Nov. 13th, 2016

clhollandwriter: (Default)
Just as you'd do preparation and research for a real MA, some preparation is needed to build your own. Otherwise you'll just end up with a mess of books and good intentions, with no real idea of what to do with them (yes, I am speaking from experience here).

So, thinking out loud again, here's how I'd start planning my course.

Decide on the Subject
The first step is to decide what to study - creative writing is a big field, after all. You might want to write children's novels, crime thrillers, or how-to books, or get started in poetry or article writing. Picking a subject at this point will help you to keep focussed on what it is you want to achieve.

Let's say you want to write crime fiction - do you want to write cosy mysteries or Tartan Noir? Are you interested in the history of the genre, or historical crime fiction? Picking out areas of interest will help later when it comes to choosing specific texts to study. Write a list, do a mind map, or whatever helps you get the ideas down.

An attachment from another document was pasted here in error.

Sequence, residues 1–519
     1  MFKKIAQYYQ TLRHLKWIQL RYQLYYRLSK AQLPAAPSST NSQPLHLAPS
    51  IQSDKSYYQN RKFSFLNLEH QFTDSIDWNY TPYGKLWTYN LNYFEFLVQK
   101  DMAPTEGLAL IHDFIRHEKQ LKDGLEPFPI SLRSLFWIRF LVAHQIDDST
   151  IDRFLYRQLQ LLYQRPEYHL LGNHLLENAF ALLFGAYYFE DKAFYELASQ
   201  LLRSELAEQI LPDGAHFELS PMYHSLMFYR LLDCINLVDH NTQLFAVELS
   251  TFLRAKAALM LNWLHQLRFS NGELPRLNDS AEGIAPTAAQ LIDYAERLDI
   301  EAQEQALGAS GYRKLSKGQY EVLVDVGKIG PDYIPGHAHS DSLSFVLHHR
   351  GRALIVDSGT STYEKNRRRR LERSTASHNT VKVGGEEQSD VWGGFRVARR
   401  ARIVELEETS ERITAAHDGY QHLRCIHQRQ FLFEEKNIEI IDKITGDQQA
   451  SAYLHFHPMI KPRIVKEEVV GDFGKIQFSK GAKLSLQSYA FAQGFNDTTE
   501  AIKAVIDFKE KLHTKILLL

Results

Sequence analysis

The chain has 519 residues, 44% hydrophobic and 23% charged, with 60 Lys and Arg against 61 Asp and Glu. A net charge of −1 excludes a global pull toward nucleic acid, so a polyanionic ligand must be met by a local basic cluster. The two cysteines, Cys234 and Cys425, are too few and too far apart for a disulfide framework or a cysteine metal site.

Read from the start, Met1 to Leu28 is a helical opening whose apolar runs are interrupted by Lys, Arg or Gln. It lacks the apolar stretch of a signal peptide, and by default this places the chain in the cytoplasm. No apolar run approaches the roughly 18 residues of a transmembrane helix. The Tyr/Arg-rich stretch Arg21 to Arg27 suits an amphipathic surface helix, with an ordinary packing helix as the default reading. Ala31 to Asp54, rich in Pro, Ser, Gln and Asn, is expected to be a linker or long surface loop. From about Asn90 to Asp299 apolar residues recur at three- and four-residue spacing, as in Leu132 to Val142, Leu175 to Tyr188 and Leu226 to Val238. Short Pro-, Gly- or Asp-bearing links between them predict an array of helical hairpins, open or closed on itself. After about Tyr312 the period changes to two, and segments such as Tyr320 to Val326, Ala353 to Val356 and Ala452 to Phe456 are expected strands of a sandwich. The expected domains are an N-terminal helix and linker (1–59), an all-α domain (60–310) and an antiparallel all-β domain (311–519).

Choose Modules
Taught courses tend to be divided into modules, which is a good way of breaking it down into manageable chunks. Sticking with crime fiction for a moment, if you've read it but never written it, you might decide to spend some time reading books about how to write crime and thrillers. You could include a module on the type of crime fiction you've decided to write, and other writers in that area. For example, if sticking to the grittier end of things, you could include some Tartan Noir, Scandinavian crime novels, or dark crime fiction written by women. If writing for children, you could look at books for that age group, and the particular genre you want to write in.

You can also include modules that fit around the subject - for example for crime fiction there's forensics, psychology, weapons. There are plenty of books out there of the "guns for writers" variety, which could be a useful resource. It depends on where you want to build up your knowledge.

Pick a Final Project
Most MAs have a final project as the end goal, for example a novel or a poetry collection. What do you want to have achieved at the end?

Next time, we'll fill those modules with content.

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